The Taranaki Basin, New Zealand, is used to illustrate the relationships between tectonics and thermal fields in an active sedimentary basin. The Cenozoic basin lies 400 km west of the Pacific-Australian subduction plate boundary and 200 km above the subducting Pacific plate. The western half of the basin (Western Platform) has not been affected by Miocene to Recent plate boundary deformation whereas the eastern half (Eastern Mobile Belt) has experienced at various times rapid burial, uplift and denudation, structural inversion, and igneous intrusion. This regional separation permits calibration of the various tectonic and thermal interplays, a feature not afforded most tectonically active sedimentary basins.Present-day surface heat-flow values average 57 mWnr−2 in both the western and eastern regions. Surface heat flow is remarkably constant in the Western Platform, but varies by more than 20 mWm−2 in the Eastern Mobile Belt. Much of this surface heat-flow variation is reconciled with detailed basin analysis and thermal modeling that accounts for burial and exhumation, both of which locally exceed 2 km in time spans of a few million years. The largest lateral surface heat-flow variation in the Eastern Mobile Belt is a south to north increase from 50 to 75 mWm−2 for a lateral distance of less than 50 km. The high heat flow is spatially coincident with the onshore Taranaki volcanoes suggesting a causal relationship. Apatite fission track and vitrinite reflectance data and modeling, in combination with detailed basin analysis, show that the heat flow has been elevated for <1 My and probably is associated with upper crustal intrusion.Even though we can account for most of the obvious anomalies in the surface heat-flow distribution, hidden thermal anomalies exist that are not noticeable at the surface. After accounting for the obvious burial, exhumation, igneous, and thrust-related transient thermal effects, analysis of modeled basal heat flow (applied at 40 km depth) reveals significant anomalies in the thermal budget. Basal heat flow varies by more than a factor of two between wells in the Eastern Mobile Belt and Western Platform regions, even where surface heat flow is the same. Our modeling shows that a combination of low heat-producing crust and the heat sink effects of crustal thickening below the basin in the Eastern Mobile Belt can account for the thermal budget anomalies, which is consistent with gravity and magnetic data. A significant aspect of this study is that some thermal anomalies may be revealed only after combining geothermics and detailed basin analysis.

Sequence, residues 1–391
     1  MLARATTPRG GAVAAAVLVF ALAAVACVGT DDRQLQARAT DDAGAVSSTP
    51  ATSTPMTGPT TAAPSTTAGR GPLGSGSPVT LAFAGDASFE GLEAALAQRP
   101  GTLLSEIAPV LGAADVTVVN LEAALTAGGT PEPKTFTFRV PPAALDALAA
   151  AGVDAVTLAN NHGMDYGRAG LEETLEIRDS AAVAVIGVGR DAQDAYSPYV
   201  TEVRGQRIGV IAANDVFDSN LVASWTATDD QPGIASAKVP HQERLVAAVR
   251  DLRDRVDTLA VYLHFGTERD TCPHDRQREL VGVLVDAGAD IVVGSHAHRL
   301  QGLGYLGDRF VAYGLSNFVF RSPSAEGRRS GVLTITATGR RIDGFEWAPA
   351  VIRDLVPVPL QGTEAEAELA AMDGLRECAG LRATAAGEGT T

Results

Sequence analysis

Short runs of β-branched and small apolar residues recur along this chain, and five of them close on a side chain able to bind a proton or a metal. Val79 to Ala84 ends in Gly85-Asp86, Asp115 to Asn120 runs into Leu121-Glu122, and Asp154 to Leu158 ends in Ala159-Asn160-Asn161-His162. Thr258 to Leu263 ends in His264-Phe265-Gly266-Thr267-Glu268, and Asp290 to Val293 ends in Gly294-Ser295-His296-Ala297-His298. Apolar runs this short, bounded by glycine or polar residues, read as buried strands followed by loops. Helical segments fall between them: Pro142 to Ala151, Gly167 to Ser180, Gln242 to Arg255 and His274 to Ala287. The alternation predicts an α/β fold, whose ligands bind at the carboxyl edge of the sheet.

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- Combining Tectonics and Thermal Fields in Taranaki Basin, New Zealand
Phillip A. Armstrong
David S. Chapman
- Springer US